An interesting thing about selection though is that knowing your personal bias (and we all have one) can sometimes cause you to swing in the other extreme direction. Was I really buying Doing It because it deserved to be in my collection, or was I buying Doing It because I knew I didn’t want to buy it and bought it so that I wasn’t using selection as a form of censorship? Tricky question, right? This is where it is a good idea to be involved in your profession (and to have clearly outlined collection development policies and to have a good relationship with your library director where you can talk about the gray areas) and talk on listservs and discussion forums. No librarian is an island, and you’re not building the Karen Jensen zombie/dystopian collection (or whatever your personal reading pleasures are).
Two of my favorite places to “hang out” are the YALSA-BK listserv and Twitter. Twitter helps me learn about a large variety of new book titles that don’t always make it on my radar. Plus, seeing which titles are generating the most positive buzz and popularity helps me know which titles my teens are likely going to be asking for. And my fellow librarians at YALSA-BK help me discuss the thornier issues that surround titles. And of course, I couldn’t do my job without professional journals like VOYA and School Librarian Journal. See, not an island.
At the End of the Day, We’re All Human (Unfortunately)
And here’s the deal. Since testing seems to indicate that I am not an alien cyborg from outerspace nor am I a supernatural being sent from the future to rock the library world to its core, it turns out we are all human. We are going to make mistakes. I make mistakes. You will make mistakes. We will all buy books that don’t circulate. We will all occasionally miss the next big thing and find ourselves scrambling to buy copies ASAP. We will all occasionally buy book 2 and not realize we don’t own book 1. (I’m not only the one who has done that, right?). And sometimes, we will wrestle with our conscience about whether or not to buy a book. At the end of the day my best advice is this: ask a bunch of teens!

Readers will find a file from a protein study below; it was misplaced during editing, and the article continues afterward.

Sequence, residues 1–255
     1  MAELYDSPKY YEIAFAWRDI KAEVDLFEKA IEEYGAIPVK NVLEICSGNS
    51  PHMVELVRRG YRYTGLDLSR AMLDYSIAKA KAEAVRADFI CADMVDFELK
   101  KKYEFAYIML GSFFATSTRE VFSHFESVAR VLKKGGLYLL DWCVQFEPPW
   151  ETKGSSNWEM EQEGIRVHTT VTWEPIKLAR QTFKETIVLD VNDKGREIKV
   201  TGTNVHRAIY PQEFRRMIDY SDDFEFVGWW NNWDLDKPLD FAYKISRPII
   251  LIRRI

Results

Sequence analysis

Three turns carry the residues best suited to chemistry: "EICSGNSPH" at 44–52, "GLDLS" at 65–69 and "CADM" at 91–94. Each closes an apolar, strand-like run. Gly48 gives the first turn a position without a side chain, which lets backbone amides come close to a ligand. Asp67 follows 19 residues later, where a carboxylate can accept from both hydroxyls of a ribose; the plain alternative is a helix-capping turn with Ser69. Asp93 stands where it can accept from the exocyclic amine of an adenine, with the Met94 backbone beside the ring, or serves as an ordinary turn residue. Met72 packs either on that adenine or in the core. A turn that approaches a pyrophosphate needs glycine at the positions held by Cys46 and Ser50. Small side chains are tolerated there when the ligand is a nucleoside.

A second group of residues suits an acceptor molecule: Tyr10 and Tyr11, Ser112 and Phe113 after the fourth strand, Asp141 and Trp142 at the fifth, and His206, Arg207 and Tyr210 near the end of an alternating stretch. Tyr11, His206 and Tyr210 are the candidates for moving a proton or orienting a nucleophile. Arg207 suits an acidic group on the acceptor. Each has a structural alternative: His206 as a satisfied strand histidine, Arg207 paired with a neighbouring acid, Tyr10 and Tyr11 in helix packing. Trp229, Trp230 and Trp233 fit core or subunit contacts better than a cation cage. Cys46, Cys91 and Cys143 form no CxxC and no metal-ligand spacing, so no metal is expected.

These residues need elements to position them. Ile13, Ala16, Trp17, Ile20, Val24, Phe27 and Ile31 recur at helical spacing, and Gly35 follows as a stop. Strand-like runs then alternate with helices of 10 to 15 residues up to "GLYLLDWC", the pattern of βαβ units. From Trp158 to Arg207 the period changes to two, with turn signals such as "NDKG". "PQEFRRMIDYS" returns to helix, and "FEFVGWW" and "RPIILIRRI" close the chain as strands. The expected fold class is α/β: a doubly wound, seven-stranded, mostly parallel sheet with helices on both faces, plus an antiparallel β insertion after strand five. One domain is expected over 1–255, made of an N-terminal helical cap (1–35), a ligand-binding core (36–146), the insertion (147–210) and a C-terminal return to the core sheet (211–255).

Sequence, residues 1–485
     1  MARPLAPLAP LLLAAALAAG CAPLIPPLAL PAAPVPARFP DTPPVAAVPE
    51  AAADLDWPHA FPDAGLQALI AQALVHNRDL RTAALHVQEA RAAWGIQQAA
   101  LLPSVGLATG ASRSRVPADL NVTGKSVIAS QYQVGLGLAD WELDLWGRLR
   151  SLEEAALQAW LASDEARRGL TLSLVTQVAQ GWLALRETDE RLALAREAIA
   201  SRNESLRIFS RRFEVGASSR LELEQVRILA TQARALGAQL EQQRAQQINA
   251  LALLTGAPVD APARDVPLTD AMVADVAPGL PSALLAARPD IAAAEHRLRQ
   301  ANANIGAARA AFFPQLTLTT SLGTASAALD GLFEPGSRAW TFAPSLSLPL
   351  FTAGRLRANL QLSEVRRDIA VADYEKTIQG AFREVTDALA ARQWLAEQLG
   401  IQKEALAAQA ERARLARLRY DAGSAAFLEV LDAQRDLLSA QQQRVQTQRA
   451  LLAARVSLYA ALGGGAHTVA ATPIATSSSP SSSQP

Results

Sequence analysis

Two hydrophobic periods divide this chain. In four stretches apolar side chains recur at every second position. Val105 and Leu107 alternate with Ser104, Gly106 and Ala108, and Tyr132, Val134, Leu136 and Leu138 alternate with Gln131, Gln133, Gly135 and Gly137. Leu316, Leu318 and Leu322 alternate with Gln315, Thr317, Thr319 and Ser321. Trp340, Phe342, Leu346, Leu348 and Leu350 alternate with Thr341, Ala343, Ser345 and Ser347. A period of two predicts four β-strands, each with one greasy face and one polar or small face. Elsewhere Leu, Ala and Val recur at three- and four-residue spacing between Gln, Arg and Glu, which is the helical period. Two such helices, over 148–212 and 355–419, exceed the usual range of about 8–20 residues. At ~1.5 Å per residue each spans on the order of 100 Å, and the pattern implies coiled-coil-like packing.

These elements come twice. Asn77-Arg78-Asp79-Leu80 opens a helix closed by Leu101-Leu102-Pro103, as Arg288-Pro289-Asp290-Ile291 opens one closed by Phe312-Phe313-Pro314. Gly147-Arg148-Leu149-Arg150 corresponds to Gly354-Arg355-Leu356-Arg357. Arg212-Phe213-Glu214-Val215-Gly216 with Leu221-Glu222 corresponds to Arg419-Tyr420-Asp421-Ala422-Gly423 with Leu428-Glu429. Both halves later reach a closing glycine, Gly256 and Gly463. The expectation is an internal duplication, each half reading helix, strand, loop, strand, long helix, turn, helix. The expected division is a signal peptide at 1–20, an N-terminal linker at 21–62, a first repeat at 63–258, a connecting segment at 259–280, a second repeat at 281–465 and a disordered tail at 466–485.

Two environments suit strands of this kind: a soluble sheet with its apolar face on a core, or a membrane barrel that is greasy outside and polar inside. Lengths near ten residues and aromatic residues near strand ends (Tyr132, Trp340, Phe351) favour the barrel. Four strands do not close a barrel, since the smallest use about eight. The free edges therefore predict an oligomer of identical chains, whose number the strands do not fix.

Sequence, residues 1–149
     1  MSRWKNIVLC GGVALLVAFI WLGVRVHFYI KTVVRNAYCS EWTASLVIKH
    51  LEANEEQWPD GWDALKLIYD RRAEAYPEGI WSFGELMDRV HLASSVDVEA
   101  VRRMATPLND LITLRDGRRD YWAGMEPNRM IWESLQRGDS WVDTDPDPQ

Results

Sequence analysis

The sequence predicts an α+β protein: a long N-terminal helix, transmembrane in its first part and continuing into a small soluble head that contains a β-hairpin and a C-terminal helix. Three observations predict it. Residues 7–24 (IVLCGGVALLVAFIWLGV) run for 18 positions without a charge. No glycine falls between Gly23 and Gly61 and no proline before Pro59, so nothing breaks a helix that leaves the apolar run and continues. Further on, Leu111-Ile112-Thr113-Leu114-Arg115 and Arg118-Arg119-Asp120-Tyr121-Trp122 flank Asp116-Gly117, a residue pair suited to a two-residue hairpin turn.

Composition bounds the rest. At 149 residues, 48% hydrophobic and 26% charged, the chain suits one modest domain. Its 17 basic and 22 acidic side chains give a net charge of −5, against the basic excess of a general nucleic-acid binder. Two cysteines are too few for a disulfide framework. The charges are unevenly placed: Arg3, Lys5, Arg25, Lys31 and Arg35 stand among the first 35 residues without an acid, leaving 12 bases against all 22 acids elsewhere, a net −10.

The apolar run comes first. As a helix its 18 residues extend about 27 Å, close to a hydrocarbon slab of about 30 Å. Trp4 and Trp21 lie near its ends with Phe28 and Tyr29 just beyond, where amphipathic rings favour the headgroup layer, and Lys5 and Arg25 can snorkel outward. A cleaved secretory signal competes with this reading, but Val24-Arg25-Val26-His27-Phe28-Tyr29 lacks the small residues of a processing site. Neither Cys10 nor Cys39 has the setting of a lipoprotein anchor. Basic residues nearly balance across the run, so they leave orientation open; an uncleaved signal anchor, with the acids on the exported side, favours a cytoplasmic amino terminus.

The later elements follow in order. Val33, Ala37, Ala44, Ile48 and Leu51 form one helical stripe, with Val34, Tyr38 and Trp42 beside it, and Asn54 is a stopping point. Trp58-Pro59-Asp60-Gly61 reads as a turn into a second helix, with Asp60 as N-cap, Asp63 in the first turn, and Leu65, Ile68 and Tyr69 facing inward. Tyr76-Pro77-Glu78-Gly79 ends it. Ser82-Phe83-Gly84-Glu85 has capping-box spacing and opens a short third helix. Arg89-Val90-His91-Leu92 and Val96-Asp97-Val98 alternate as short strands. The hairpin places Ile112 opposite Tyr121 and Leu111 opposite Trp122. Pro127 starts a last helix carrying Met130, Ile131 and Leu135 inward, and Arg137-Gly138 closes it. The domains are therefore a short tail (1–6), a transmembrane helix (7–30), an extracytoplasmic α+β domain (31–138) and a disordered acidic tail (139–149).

Bringing It Full Circle
So let’s revisit Pretty Amy by Lisa Burstein. As you will recall, a national (though unnamed) teen magazine was going to review this book for its teen audience and then decided not to because there is some drug use; THEY decided that the drug use was inappropriate for their audience. They used a form of selection – whether or not they would review the book – to censor the information. They decided the appropriateness of a book for teens rather than allowing the teens to make that decision for themselves. This is what we librarians, defenders of Intellectual Freedom and Democracy, must avoid. You have to remove yourself, your personal opinions, politics, faith and experiences, from the equation. A task sometimes easier said than done.
(I will add links later today, have to walk the Tween to school)
Share with us your personal wrestlings with selection and book titles? What is your selection process? And how do you stay engaged in the profession, what resources do you use?
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About Karen Jensen, MLS
Karen Jensen has been a Teen Services Librarian for almost 30 years. She created TLT in 2011 and is the co-editor of The Whole Library Handbook: Teen Services with Heather Booth (ALA Editions, 2014).